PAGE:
Where game developers have much to offer is in the programing of space. They understand what will compel a player to explore an environment. They understand the mechanics that will engage players to create that sense of fun. In the context of the physical environment, that sense of fun is often lost amongst the prerogatives of the established disciplines who shape and govern our built environment, amidst the litigious society that we live in.

Games and apps present an opportunity to enhance the way we experience locations. The dynamic of programmed spaces, however, changes with the advent of location-based games and their content. Players may already have preconceptions of the physical locations that they play in. Others such as tourists will have none. It creates an opportunity to make locations more relevant as part of games where locals create the content and visitors consume it.

The explosion in use of Pokémon Go and volumes of people flooding into public open to play the game space demonstrated the raw potential of the tool. This was, however, perceived by many city officials as both an unmanaged mess and missed opportunity, taking them by surprise (and a few unsuspecting locals). A golden opportunity to make the game and future games an integrated part of the fabric of cities was not capitalized on. Not by the game developer nor by the city officials.

During this period prominent public locations became ‘pokéstops’ (a location to train Pokémon), but the game itself said nothing of the inherent significance of these locations – nothing of the history, the narratives, the events, the cultural values, or the people. The focus was purely on capturing Pokémon. Imagine if there was a greater integration of local knowledge as part of the game and what that could help achieve? Giving games exclusivity to space and integrating that locality as part of the city’s brand is an industry in waiting.

‘​It was a fantastically ambitious game where the city was coherent and filled with autonomous inhabitants. Traffic obeyed laws and drove with purpose, queuing at red lights and pulling out of the way as an ambulance drove by blaring its siren. Pedestrians wandered the pavements, jumping from the path of oncoming vehicles and fleeing scenes of violence. It felt like a real environment – the city had a soul’. Grand Thieves and Tomb Raiders: How British Videogames Conquered the World

Beyond Reality

UniSA’s Prof. Mark Billinghurst and Prof. Bruce Thomas provided an insight into the future of VR and AR at their lecture ‘Beyond Reality 2027’.

The landscape of the subject is undergoing rapid change, supplemented by a market flooded with first generation VR devices. Whilst these show a huge measure of progression from early non-commercial devices, the diversity of sensory VR & AR applications in future devices is already becoming apparent, no longer only driven by sight and sound, but also smell, touch and taste.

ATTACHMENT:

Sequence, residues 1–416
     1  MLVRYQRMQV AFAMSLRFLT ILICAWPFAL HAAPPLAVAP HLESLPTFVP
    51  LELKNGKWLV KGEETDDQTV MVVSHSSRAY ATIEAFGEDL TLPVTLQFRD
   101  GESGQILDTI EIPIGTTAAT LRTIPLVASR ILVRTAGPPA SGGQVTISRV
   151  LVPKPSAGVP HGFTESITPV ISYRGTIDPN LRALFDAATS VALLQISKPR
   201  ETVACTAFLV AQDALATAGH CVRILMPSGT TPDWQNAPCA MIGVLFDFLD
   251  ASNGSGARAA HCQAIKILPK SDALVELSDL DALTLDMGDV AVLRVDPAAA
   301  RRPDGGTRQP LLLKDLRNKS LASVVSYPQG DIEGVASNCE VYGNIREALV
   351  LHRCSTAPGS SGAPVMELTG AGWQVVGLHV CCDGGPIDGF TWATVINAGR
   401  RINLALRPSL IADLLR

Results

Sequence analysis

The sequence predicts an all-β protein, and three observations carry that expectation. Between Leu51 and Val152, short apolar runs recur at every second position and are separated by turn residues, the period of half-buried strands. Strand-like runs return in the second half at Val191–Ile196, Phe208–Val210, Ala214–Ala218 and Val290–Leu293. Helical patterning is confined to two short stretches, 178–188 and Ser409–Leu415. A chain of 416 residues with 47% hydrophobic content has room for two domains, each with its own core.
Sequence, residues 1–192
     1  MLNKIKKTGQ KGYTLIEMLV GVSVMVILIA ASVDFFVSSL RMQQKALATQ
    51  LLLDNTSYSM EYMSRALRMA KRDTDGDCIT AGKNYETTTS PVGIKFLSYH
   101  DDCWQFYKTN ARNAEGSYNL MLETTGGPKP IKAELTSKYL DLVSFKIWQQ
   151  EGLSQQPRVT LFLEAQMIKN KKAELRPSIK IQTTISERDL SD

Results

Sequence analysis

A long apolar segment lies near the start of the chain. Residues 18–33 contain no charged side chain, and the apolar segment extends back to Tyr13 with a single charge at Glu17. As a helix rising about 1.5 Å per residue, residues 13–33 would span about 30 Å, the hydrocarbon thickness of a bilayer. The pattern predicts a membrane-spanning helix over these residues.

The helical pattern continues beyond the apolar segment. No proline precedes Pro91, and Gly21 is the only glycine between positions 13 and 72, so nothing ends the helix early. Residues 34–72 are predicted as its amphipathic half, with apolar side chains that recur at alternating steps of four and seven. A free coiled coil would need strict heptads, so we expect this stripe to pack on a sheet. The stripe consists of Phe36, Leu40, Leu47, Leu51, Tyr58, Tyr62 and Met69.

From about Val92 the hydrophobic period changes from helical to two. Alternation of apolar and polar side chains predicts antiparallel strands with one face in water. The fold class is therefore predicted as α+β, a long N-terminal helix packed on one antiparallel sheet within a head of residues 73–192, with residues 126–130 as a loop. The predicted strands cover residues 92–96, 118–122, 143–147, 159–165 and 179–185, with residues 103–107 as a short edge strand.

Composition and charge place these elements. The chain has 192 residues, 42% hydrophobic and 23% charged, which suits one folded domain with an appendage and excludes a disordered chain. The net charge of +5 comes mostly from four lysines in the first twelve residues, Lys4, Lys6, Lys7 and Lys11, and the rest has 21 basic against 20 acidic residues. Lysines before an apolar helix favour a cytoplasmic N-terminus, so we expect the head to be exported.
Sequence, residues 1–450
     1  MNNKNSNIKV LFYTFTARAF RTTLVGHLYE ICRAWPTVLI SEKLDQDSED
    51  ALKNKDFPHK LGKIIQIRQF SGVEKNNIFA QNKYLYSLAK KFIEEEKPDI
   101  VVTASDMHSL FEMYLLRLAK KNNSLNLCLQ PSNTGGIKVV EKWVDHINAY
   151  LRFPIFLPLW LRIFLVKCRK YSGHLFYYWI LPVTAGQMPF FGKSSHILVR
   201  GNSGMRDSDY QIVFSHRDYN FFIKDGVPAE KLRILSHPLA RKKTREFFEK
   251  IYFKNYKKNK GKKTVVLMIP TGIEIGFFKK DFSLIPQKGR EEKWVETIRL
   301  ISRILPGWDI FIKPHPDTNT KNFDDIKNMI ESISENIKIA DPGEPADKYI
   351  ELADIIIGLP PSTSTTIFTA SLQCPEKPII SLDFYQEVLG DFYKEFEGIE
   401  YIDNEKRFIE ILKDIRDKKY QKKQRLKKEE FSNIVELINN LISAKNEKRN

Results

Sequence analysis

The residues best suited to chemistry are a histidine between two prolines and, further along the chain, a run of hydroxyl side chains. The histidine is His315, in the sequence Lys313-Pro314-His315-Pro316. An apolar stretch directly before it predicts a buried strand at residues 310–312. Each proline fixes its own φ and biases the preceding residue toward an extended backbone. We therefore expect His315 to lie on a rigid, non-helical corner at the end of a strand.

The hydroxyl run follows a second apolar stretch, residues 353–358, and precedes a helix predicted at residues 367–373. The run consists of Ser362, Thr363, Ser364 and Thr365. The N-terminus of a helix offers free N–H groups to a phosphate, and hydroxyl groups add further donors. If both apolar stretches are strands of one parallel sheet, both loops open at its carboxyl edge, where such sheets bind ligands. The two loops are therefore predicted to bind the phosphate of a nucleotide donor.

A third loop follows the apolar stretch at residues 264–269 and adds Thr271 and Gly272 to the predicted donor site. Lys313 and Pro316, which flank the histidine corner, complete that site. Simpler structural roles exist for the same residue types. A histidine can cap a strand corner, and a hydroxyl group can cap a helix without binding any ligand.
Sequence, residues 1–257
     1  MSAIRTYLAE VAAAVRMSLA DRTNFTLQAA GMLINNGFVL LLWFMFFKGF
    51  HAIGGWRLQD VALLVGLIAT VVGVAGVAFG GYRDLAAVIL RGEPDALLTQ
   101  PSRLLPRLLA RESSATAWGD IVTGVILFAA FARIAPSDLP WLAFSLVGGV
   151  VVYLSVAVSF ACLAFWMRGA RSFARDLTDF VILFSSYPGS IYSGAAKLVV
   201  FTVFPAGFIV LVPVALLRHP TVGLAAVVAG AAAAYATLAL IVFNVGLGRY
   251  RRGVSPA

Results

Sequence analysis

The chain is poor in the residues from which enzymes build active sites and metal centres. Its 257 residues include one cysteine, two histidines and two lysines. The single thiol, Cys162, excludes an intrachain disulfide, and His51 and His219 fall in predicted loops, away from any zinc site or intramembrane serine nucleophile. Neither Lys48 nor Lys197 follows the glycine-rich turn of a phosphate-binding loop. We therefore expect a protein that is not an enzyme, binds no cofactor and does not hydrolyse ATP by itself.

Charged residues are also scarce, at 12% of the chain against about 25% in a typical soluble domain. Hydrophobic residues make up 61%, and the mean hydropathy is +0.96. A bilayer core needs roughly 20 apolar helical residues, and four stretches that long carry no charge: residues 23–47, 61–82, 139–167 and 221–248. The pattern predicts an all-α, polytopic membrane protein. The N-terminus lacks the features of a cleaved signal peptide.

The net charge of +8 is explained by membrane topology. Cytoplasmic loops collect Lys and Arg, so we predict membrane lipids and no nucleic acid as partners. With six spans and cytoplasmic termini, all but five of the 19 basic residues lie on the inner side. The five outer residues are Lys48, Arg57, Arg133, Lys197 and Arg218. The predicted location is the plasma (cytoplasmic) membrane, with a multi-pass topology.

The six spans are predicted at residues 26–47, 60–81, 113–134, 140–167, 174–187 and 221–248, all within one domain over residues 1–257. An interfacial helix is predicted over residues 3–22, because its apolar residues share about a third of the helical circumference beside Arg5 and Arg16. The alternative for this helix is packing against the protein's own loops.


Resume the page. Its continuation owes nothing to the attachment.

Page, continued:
The advent of ‘empathic’ computing will allow a deeper understanding of the experience of individuals, observing how they engage with space and tailoring it to suit their specific needs. It could be effective as a means of engagement and as an evaluative design tool.

The core message was that VR is less driven by achieving a ‘score’ and more about creating experiences, which is perhaps why the games industry hasn’t come to terms with it yet. Games need to become more intelligent in how they respond to individual users using this empathic approach to design. It becomes less about creating a generic experience, ‘one size fits all’, ‘games for the masses’ approach.

Landscape Architecture has much to offer designers of digital spaces. The design of most landscapes will include a brief on who the users are and this creates parameters. In an aged care facility for dementia patients for example, the design of the landscape requires understanding of the disease. The sensory experience of the residents is impaired and details of the design sometimes have to be made more obvious. There is also a need for a range of spaces demonstrating sensory stimulation and sensory calm.

Reminiscent design also plays a role. For example if an individual has had a passion for cars in the past or was a mechanic, the presence of a car and a tool bench will create the opportunity to gain a meaningful sense of reminiscence and fulfilment as they tinker away.

A range of new experiences also helps create the new neurological connections that can improve cognitive function, making up for the existing connections that have been irreparably damaged. This is where games can be tailored for a generation who may have had little or no exposure to games.

Checklist: factors impacting games in the public realm

Consideration by designers and notification to players should be given regarding the following:


  • Notification to gamers that ultimately they are responsible for their own safety and should remain vigilant during games
  • Vehicle movement. Games better suited to non-vehicular or pedestrian-orientated environments. Also be wary of cycle lanes, bus stops and car parks. Consider warnings or geo-fences when in close proximity roads, rails lines. Minimise crossings where possible.
  • Proximity to water bodies, including the sea, lakes, rivers. Consider warnings or geo-fences
  • Surfaces. Be wary of uneven, loose surfaces and steep gradients.
  • Impact of the weather. Extreme climates may be less appropriate.
  • Daylight and artificial light.
  • Accessibility. Is the area well serviced with access points? Is there clear visibility for passive surveillance? Does the game also operate at night? Refer to CPTED principles (Crime Prevention through Environmental Design)